Last night, I saw the final preview performance of EN(LIVE)N Productions’ run of Bryony Lavery’s Frozen, directed by Andrew Freund, at The Box Toronto – and it was a gripping, poignant and thought-provoking trip.
The stage is set with seating for the audience along the length of the intimate space, on both sides, and throughout the centre. Actor Alexander Saridag, who we see later as the prison guard, suggests seating as people enter. Hanging from the lighting grid are various items, some of which are props and others denoting a specific place: children’s toys, family photographs, personal items from a purse or briefcase, glass wind chimes with mini bottles of booze attached, a micro audio recorder and tapes, videotapes carefully sealed in clear plastic bags, two rope nooses. There is an eerie, low-volume soundtrack playing in the background. A howling wind? Screeching children? Playing? Terrified? The other three actors pace the space. All creating a sense of anxious, curiosity-filled anticipation.
As Freund points out in his program notes, Frozen is a memory play. Through a series of monologues, during which the actors often speak directly to the audience, as well as two-hander scenes, we follow the lives and thoughts of three people. Agnetha (Lynn Zeelenberg) is an American academic, studying serial killers using both psychological and neurological examination; Nancy (Lavetta Griffin) is a British mother who’s dealing with the trauma of a missing 10-year-old daughter; and Ralph (Peter Nelson), also a Brit, a rough and snake-like charming loner with troubling sexual proclivities.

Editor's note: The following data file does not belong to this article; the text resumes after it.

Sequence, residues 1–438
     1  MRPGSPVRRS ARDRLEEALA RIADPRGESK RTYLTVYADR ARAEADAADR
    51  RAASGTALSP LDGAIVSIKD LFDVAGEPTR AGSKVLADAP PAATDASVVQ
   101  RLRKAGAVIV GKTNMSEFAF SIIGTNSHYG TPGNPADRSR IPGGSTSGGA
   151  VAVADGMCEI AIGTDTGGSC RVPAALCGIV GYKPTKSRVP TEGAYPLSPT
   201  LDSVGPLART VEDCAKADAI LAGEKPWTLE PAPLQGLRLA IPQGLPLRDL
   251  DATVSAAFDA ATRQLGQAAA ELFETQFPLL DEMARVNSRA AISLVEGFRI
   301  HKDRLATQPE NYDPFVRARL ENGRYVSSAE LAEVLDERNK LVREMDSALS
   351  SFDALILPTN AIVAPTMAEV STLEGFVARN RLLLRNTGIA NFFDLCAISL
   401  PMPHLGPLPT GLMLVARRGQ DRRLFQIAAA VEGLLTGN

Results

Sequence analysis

Each character is compelling in his/her own way – and performed with jarring honesty and great respect by a fine cast. Zeelenberg does an excellent job of juggling Agnetha’s conflicting emotions; an academic struggling with her own loss and sins even as she studies and lectures on one of the most reviled criminal types imaginable. And her scenes with Ralph are layered with a tense curiosity, a driven sense of exploration, and a touching, nurturing quality. Griffin does a lovely job as Nancy, going from put-upon housewife and mother, to living the emotional turmoil of the loss of her youngest daughter, to crusading activist. Like Agnetha, Nancy is also seeking answers – and, even more so, closure. Nelson is both mesmerizing and repulsive as Ralph, who has a certain bizarre logic to his perversity – a method to his madness. Ralph is unable to forge true human connections, and Nelson does a beautiful job of revealing Ralph’s humanity as he responds to the women’s attempts to connect, both intellectually and emotionally, with a combination of boyish confusion, longing and repulsion. Nice work from Saridag, doing multiple duty as our host/usher, set and props valet, and the silent but expressive Guard.
With shouts to the design team: Natalia Tcherniak (set), Claire McMillan (costumes), Eric Sullivan (lighting) and Dave Fitzpatrick (sound and photography).
Riveting, moving and gut-wrenchingly real – relieved with snatches of dark humour and the foibles of everyday life – Frozen holds no punches in its intense examination of memory, loss, sex crime and forgiveness.
EN(LIVE)N Productions’ Frozen opens tonight (April 5) and continues until April 20 at The Box Toronto. Tickets are $20 and available online. Go see this.
Production stills by David A. (aka Dave) Fitzpatrick: